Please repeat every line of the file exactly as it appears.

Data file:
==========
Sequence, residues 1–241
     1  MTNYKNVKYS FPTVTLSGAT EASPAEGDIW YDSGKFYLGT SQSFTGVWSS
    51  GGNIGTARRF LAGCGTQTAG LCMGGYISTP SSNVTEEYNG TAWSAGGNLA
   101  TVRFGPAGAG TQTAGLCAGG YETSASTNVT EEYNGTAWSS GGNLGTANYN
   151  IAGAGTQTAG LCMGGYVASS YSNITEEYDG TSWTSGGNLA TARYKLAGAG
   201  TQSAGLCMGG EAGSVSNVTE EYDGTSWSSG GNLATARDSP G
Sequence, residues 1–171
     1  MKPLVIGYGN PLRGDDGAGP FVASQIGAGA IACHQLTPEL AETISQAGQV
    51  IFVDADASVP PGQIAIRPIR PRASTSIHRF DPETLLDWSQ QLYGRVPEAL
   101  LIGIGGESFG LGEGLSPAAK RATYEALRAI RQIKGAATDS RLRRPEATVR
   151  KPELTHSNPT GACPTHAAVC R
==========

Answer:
Sequence, residues 1–241
     1  MTNYKNVKYS FPTVTLSGAT EASPAEGDIW YDSGKFYLGT SQSFTGVWSS
    51  GGNIGTARRF LAGCGTQTAG LCMGGYISTP SSNVTEEYNG TAWSAGGNLA
   101  TVRFGPAGAG TQTAGLCAGG YETSASTNVT EEYNGTAWSS GGNLGTANYN
   151  IAGAGTQTAG LCMGGYVASS YSNITEEYDG TSWTSGGNLA TARYKLAGAG
   201  TQSAGLCMGG EAGSVSNVTE EYDGTSWSSG GNLATARDSP G
Sequence, residues 1–171
     1  MKPLVIGYGN PLRGDDGAGP FVASQIGAGA IACHQLTPEL AETISQAGQV
    51  IFVDADASVP PGQIAIRPIR PRASTSIHRF DPETLLDWSQ QLYGRVPEAL
   101  LIGIGGESFG LGEGLSPAAK RATYEALRAI RQIKGAATDS RLRRPEATVR
   151  KPELTHSNPT GACPTHAAVC R